Wednesday, August 18, 2010
ONE DAY IN THE LIFE OF A PILOT
RESUMING THE STORY ---- Tor's first moment of freedom---managed to catch this pict---she escaped from her cage--Joyce worried---it cannot survive here---wrong environment for a scrub jay. It flew excitedly about from tree to tree for 2 hours or so---refusing our calls---and then got hungry--returned--begging for food. A visitor, not knowing the situation, was stunned to see a "wild" bird land on Joyce's arm. Wished I had caught his surprised look on camera.
A terrific, all night, rain deluged us and we woke to this scene. We mobilized our survival skills to make a fire--even with wet wood. The low clouds meant we could not safely take off. Who knows when they will clear.
And then the sun came out--Joyce performed the sun dance--familiar I guess to all pilots.
This strange man emerged from the woods---carrying soft drinks and charming Joyce into a hug. Is that not a classic cowboy face and body. His belt buckle also worthy of note--made of elk antler horn base.
Holes opened up in the sky ---we pack and prepare to leave.
Is it superstition or nostalgia that motivates her to turn the prop by hand a few times? The battery works just fine.
And we're off ---confident all is well.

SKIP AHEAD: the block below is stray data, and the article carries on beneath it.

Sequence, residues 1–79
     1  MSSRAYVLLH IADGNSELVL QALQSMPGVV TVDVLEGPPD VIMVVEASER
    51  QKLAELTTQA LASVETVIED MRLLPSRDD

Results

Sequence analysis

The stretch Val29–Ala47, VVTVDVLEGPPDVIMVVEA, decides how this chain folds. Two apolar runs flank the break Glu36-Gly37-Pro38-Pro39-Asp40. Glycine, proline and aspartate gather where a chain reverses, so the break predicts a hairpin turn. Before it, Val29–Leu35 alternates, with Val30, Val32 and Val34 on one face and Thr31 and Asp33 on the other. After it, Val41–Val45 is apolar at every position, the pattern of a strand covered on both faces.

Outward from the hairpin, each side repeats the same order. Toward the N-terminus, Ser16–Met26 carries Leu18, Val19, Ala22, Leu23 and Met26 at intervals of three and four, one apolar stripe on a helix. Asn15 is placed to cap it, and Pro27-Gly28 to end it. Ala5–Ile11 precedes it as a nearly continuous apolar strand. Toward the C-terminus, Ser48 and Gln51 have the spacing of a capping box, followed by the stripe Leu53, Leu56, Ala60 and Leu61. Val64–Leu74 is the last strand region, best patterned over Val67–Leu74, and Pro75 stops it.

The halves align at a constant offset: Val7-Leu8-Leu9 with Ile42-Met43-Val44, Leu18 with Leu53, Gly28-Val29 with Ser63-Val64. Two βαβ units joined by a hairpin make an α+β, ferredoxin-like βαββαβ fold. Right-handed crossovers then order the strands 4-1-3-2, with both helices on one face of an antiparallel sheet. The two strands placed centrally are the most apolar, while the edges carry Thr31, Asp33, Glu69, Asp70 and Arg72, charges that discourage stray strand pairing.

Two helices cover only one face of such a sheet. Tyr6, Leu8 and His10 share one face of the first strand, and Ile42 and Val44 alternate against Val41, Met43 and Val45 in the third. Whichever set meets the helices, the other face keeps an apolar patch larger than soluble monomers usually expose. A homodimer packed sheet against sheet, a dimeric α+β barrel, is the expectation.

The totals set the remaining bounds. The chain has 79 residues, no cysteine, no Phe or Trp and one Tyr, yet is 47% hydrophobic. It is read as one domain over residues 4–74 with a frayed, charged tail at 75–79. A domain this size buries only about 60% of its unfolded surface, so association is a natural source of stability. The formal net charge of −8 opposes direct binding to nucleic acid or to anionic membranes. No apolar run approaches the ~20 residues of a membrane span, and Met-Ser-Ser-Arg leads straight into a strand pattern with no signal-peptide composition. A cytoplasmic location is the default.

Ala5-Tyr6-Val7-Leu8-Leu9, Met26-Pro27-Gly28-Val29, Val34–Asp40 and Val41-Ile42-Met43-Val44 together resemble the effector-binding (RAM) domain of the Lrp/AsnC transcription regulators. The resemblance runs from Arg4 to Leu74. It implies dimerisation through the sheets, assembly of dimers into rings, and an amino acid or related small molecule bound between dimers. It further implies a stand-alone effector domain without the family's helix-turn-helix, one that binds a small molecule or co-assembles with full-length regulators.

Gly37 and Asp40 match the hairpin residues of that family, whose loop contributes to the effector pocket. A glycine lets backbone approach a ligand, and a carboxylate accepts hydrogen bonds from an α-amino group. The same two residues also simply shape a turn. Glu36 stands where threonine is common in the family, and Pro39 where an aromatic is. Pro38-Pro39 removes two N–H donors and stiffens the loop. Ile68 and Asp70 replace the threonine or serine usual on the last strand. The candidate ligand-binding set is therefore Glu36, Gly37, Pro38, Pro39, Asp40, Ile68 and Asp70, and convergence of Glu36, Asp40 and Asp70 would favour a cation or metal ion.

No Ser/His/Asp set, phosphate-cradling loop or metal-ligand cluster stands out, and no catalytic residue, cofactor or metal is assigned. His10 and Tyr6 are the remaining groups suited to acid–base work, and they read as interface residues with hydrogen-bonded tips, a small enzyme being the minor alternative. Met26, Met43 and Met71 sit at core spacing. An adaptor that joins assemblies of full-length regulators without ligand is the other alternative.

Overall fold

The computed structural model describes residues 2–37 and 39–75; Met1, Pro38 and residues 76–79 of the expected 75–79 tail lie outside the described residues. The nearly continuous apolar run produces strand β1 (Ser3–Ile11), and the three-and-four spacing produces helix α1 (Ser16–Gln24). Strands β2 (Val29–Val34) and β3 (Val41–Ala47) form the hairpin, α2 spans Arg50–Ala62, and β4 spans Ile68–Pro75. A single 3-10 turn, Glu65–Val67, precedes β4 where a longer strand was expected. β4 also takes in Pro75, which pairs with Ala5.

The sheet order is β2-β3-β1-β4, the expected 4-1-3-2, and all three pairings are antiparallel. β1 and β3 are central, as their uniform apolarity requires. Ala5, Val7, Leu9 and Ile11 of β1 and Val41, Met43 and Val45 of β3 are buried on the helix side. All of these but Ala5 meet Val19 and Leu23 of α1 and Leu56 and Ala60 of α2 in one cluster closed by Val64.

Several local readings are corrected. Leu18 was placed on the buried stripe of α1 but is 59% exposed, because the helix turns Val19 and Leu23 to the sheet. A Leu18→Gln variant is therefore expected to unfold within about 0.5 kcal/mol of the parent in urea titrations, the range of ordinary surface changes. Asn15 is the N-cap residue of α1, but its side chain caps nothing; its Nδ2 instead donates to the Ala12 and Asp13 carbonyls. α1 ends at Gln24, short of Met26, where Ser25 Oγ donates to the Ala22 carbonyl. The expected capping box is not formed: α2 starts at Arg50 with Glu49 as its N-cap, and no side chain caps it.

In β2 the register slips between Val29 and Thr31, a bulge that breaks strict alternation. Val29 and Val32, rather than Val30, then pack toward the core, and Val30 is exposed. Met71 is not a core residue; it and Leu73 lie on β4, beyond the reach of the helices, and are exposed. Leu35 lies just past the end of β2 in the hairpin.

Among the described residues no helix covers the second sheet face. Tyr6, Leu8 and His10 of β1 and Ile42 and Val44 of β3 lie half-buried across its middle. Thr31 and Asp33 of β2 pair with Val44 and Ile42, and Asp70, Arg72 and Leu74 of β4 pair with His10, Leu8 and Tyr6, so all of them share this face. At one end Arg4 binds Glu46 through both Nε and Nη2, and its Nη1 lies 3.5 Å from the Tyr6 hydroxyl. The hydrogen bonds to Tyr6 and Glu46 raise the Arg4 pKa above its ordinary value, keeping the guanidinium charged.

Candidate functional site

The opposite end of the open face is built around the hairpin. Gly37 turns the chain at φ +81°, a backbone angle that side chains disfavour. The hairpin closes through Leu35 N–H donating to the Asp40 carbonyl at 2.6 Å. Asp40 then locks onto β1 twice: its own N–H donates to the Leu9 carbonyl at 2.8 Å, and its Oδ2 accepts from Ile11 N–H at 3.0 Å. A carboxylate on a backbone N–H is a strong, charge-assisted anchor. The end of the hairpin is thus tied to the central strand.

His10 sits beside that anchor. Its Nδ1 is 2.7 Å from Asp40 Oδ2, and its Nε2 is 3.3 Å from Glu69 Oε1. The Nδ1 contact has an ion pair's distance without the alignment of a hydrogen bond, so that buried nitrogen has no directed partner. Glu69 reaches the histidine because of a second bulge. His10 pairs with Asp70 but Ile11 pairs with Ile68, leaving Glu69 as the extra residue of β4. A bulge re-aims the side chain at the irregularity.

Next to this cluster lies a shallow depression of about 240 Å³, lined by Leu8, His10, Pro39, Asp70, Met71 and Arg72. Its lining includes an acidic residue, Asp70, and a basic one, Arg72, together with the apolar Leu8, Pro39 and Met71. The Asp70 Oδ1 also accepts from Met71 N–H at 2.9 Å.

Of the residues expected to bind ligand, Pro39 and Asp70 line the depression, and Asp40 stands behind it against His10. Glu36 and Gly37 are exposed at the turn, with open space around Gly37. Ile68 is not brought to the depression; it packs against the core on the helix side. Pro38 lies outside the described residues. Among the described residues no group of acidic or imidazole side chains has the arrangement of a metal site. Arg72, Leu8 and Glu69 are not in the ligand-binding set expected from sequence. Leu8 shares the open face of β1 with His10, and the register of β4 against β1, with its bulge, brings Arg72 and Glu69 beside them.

That's hungry horse reservoir---one of many in Montana. This state is certainly on top of its water situation.
Back over the Swan mountains, we decide to drop in on Kalispell, Mt.
Landed-took a walk--and bought some cold flathead cherries from a cheerful vendor.
Joyce opts to purchase fuel from another airport across the lake--Rohan--here we are landing. Landings are more "thrilling" to me than takeoffs. Pilots call scary moments "pucker moments."
Fuel cost $4.25 a gallon.
Back at Thompson Falls--she tilts right for this photo--showing the now-dammed-up fall site.
And back to our starting point. The mouth of that valley ahead is the site of numerous Indian wars--a choke point for tribal disputes and ambush.
RANDY PHILOSOPHIZES: I'm struck by the speed up of life that airplanes make possible---by the extended range and richness they facilitate. In a single day we experienced weeks worth of change and sensation. I'm moved to poetry---redacting bits from two of my poems--I will call this rhythmic collage: AIRPLANE PEOPLE CONDENSING TIME
Their moments, like our moments will--
brush them by and over the hill.
they let them go without delay--
knowing millions more are on the way.
With relaxed intent, they glide through events
on wings like a fast-moving knife;
So these air pioneers live three hundred years
in the span of a single life.